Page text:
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Judge Orders Embryos Destroyed

In a legal battle between a divorced couple over the custody of seven human embryos, a judge sided with the woman on Monday and ordered the fertilized eggs destroyed, reports Correspondent Chris Carden of CBS Station KYW-TV in Philadelphia.

However, the same judge immediately stayed the order, pending an appeal by the ex-husband.

In this landmark case, the ex-husband wants to preserve the embryos to have a child with another woman or to donate them to an infertile couple. The woman wants the embryos destroyed.

By court order, the identity of the Camden County couple was not revealed.

New Jersey Superior Court Family Judge Lee B. Laskin said that, although the couple had entered into an agreement to have a child, such an understanding ended when the marriage ceased. He said the couple did not go through the process of fertility treatments to "begin an enterprise of selling or donating embryos to other couples."

The judge also said the man is healthy and capable of having children.

"My client wants them destroyed because she is no longer interested in having children with her former husband" said Amy Goldstein,, the lawyer representing the woman.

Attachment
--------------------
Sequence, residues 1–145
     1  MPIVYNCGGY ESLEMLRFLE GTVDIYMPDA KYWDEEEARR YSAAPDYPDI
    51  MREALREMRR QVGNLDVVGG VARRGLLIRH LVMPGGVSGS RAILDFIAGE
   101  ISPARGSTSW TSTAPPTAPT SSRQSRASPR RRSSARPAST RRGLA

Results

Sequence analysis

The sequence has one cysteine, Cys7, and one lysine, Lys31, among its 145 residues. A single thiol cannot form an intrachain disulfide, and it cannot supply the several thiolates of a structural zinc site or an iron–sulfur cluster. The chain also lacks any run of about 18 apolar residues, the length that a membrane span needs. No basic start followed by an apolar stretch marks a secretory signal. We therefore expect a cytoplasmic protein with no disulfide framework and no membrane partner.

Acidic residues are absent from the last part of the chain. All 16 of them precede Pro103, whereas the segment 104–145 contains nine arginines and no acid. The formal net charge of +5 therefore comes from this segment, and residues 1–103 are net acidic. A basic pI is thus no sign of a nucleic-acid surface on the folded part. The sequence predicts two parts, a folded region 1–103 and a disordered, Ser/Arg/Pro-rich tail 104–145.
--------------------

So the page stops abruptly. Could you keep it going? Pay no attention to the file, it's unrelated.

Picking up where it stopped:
Attorney Eric Spevak, who represents the ex-husband, said he was disappointed but not surprised at the judge's decision.
"We feel very strongly that, just like single parent adoptions, my client should have the chance to choose to adopt his own embryos, and to choose life" he said.

Goldstein argued that her client underwent in-vitro fertilization in 1995 after several failed attempts at pregnancy during the marriage.

Her client eventually became pregnant naturally, and gave birth to a daughter in March 1996. The couple decided to divorce in November 1996, and the marriage formally ended two weeks ago, in September.

The judge's opinion followed other rulings in similar cases. Laskin cited decisions by highest courts in two other states that sided with the spouse wanting to destroy the embryos.

Although the couple signed a consent agreement to undergo fertility treatment, it did not specifically address what would happen to the embryos in case of divorce.

A New Jersey assemblyman has introduced a bill to the state Legislature that would require couples to enter into binding agreements about the fate of frozen embryos.